Dr. Thierry B.R. Chopin, a professor of marine biology at the University of New Brunswick, has a simple idea with a technical name that can make fish farming more environmentally friendly. He raises several species of sea life–say, Atlantic salmon, mussels and different seaweeds–together in the same water, they complement one another ecologically and they create multiple revenue streams for the fish farmer. The idea is to duplicate some of the ocean’s biodiversity. Waste from one acquatic species becomes food for another, and the seaweed cleanse the water of surplus nitrogen.(The name for this is Integrated Multi-Trophic Aquaculture, or IMTA. Branding is not Thierry’s specialty.)
“It’s diversification. Don’t put all your salmon eggs in the same basket,” Thierry said. “It’s true in agriculture. It’s also true in acquaculture.” A company called Cooke Aquaculture is now practicing this approach at a half dozen fish farms in the Bay of Fundy, and it wants to expand to another 8-10 sites.
LEED for Food? When tenants need new space, they can seek out LEED-certified buildings. When consumers buy wood or paper, they can look for products certified by the Forest Stewardship Council. Refrigerators, TVs, washer-dryers have Energy Star labels.
But when buying food—at least the vast majority of food–there’s no way for consumers, supermarkets, chefs or even big food companies to know which farmers, ranchers or meat producers are better stewards of the environment than others.
More surprising—your local supermarket or restaurant often does not even know where its food was grown.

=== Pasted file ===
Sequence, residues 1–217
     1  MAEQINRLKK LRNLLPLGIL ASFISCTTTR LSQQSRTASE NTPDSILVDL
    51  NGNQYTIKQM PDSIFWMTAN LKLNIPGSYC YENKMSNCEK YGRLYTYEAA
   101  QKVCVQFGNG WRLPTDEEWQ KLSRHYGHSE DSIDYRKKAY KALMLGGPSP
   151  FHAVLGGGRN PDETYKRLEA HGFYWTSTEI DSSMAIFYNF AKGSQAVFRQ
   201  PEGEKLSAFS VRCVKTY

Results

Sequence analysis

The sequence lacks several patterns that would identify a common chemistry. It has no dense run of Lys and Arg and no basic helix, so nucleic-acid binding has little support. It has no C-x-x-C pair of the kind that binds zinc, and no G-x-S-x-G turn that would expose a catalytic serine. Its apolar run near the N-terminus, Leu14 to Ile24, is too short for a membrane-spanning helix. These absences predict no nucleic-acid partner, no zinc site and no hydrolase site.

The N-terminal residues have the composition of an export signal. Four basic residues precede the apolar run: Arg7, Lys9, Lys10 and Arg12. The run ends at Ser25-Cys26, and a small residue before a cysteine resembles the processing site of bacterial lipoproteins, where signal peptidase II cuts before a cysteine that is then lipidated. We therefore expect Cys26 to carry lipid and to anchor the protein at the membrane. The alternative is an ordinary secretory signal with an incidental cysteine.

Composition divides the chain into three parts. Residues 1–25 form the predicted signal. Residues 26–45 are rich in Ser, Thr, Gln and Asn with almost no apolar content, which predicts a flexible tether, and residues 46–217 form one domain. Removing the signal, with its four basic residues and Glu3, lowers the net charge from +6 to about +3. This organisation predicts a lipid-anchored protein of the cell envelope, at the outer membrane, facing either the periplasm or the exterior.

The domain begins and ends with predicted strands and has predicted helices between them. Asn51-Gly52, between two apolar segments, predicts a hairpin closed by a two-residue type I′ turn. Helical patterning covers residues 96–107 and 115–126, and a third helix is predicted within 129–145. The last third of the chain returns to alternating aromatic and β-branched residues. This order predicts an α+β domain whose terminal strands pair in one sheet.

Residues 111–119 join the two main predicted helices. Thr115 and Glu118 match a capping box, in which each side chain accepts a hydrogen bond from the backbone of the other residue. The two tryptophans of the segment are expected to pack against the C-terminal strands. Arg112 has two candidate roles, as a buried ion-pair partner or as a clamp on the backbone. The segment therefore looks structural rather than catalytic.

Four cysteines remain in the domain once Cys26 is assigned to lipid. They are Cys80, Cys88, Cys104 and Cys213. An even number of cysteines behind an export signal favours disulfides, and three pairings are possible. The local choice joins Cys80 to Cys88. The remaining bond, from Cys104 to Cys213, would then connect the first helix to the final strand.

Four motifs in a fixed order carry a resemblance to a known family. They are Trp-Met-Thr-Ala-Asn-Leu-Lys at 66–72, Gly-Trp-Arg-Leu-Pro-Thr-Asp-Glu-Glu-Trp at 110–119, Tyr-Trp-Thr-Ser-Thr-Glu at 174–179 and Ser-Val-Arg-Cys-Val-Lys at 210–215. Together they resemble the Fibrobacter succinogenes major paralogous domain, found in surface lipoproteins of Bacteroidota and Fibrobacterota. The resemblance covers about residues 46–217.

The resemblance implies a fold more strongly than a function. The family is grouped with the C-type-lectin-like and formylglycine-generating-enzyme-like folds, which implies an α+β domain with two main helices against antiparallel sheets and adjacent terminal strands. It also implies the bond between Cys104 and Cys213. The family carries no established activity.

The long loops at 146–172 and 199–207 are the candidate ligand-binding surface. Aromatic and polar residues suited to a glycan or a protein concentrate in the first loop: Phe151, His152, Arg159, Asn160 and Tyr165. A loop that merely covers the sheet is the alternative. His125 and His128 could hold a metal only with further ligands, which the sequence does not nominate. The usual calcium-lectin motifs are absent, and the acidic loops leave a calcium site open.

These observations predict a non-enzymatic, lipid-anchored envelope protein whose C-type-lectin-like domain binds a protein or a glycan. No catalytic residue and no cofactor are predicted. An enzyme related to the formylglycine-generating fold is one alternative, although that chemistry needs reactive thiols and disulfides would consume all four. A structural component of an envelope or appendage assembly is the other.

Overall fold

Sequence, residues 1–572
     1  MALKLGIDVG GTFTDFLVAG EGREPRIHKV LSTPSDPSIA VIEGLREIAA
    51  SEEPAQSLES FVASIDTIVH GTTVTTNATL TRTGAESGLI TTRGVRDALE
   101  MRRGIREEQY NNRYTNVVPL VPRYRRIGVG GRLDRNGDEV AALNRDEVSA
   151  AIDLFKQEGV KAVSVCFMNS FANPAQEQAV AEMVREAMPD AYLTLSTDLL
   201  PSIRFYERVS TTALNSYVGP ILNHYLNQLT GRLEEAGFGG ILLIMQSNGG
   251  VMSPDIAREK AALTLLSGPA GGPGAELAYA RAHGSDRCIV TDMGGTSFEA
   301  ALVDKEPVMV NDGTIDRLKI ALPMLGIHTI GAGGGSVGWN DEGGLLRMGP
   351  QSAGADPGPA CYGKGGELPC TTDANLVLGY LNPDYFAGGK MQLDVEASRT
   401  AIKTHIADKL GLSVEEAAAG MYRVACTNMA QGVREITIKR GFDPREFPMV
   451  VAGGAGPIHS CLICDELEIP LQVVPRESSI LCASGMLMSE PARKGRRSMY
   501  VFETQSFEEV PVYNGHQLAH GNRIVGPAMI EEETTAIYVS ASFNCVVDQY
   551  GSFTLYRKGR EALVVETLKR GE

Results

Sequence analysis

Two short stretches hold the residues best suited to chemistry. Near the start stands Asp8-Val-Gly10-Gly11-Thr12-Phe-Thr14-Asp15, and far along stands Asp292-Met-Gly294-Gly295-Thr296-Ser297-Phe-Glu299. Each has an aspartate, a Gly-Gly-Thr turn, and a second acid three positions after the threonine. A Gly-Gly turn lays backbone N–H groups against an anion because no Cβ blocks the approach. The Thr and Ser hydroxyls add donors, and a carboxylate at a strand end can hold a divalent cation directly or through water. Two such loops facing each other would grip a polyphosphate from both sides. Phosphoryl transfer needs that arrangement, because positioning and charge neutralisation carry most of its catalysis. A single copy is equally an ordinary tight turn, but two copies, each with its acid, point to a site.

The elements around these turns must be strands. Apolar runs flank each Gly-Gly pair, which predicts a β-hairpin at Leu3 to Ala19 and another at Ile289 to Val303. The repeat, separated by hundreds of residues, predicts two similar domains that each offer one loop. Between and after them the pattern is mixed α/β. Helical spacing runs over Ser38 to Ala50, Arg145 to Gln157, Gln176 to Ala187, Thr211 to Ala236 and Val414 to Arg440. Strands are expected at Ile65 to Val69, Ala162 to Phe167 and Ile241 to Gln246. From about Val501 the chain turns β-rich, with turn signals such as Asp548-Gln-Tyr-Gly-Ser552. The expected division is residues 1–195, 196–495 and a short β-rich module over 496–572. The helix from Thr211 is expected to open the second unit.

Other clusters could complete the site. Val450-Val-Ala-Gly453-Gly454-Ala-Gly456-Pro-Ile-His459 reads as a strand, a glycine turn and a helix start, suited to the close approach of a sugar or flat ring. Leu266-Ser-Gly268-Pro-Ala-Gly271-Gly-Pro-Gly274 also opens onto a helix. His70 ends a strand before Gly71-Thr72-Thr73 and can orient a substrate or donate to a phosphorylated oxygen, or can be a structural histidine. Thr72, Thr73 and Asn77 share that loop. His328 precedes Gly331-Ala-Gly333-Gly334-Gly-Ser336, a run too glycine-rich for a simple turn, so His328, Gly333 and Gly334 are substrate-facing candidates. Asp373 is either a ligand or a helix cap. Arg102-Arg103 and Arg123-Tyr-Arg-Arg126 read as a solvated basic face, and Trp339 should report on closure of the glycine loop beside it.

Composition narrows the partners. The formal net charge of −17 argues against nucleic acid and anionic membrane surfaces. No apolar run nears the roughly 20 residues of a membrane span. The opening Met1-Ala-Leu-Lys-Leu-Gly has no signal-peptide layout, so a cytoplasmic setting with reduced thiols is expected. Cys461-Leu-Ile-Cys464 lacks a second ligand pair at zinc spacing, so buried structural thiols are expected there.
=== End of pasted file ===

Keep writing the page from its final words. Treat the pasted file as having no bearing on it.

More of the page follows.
These two problems—a lack of standards for agriculture, and an opaque, as opposed to transparent, supply chain—stand in the way of making agriculture more sustainable. With the exception of those who go organic, farmers who are good stewards of the planet aren’t rewarded for their efforts.
I moderated a panel where Wittenberg of Whole Foods and Maisie Greenawalt of Bon Appetit Management Co., a forward-looking food service company, talked about ways to bring more transparency to their supply chain and standards to the food they sell or serve. Wittenberg, for example, said that Whole Foods has developed its own animal welfare standards and environmental standards for aquaculture, and that it can enforce them by building direct relationships with ranchers and seafood suppliers. Greenawalt, meanwhile, talked about how Bon Appetit became the first food service company to sign an agreement with the Coalition of of Immokalee Workers (CIW), a organization fighting for more humane farm labor standards in Florida; this required the company to build direct relationships with growers who agreed to live up to the deal.